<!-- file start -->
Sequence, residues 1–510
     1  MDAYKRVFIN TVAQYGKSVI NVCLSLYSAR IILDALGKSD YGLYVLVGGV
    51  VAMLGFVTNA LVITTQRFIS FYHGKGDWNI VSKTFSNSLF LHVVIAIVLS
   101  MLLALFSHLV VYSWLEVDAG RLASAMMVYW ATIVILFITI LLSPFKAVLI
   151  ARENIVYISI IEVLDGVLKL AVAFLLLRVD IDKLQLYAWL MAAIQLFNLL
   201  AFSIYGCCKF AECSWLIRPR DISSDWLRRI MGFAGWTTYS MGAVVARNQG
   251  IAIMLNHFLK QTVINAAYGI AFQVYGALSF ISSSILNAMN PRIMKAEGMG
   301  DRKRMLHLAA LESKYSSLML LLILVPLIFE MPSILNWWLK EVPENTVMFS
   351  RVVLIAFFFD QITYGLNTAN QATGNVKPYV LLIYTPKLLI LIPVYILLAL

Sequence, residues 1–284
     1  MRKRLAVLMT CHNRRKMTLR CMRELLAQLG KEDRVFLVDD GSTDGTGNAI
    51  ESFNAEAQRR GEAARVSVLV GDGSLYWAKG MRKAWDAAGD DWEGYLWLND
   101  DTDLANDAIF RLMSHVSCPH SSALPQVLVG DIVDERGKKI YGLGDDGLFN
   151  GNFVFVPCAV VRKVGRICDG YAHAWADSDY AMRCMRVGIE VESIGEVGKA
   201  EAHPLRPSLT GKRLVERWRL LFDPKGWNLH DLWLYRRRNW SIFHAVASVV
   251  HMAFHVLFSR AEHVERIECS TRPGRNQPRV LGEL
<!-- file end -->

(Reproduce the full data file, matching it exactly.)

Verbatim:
Sequence, residues 1–510
     1  MDAYKRVFIN TVAQYGKSVI NVCLSLYSAR IILDALGKSD YGLYVLVGGV
    51  VAMLGFVTNA LVITTQRFIS FYHGKGDWNI VSKTFSNSLF LHVVIAIVLS
   101  MLLALFSHLV VYSWLEVDAG RLASAMMVYW ATIVILFITI LLSPFKAVLI
   151  ARENIVYISI IEVLDGVLKL AVAFLLLRVD IDKLQLYAWL MAAIQLFNLL
   201  AFSIYGCCKF AECSWLIRPR DISSDWLRRI MGFAGWTTYS MGAVVARNQG
   251  IAIMLNHFLK QTVINAAYGI AFQVYGALSF ISSSILNAMN PRIMKAEGMG
   301  DRKRMLHLAA LESKYSSLML LLILVPLIFE MPSILNWWLK EVPENTVMFS
   351  RVVLIAFFFD QITYGLNTAN QATGNVKPYV LLIYTPKLLI LIPVYILLAL

Sequence, residues 1–284
     1  MRKRLAVLMT CHNRRKMTLR CMRELLAQLG KEDRVFLVDD GSTDGTGNAI
    51  ESFNAEAQRR GEAARVSVLV GDGSLYWAKG MRKAWDAAGD DWEGYLWLND
   101  DTDLANDAIF RLMSHVSCPH SSALPQVLVG DIVDERGKKI YGLGDDGLFN
   151  GNFVFVPCAV VRKVGRICDG YAHAWADSDY AMRCMRVGIE VESIGEVGKA
   201  EAHPLRPSLT GKRLVERWRL LFDPKGWNLH DLWLYRRRNW SIFHAVASVV
   251  HMAFHVLFSR AEHVERIECS TRPGRNQPRV LGEL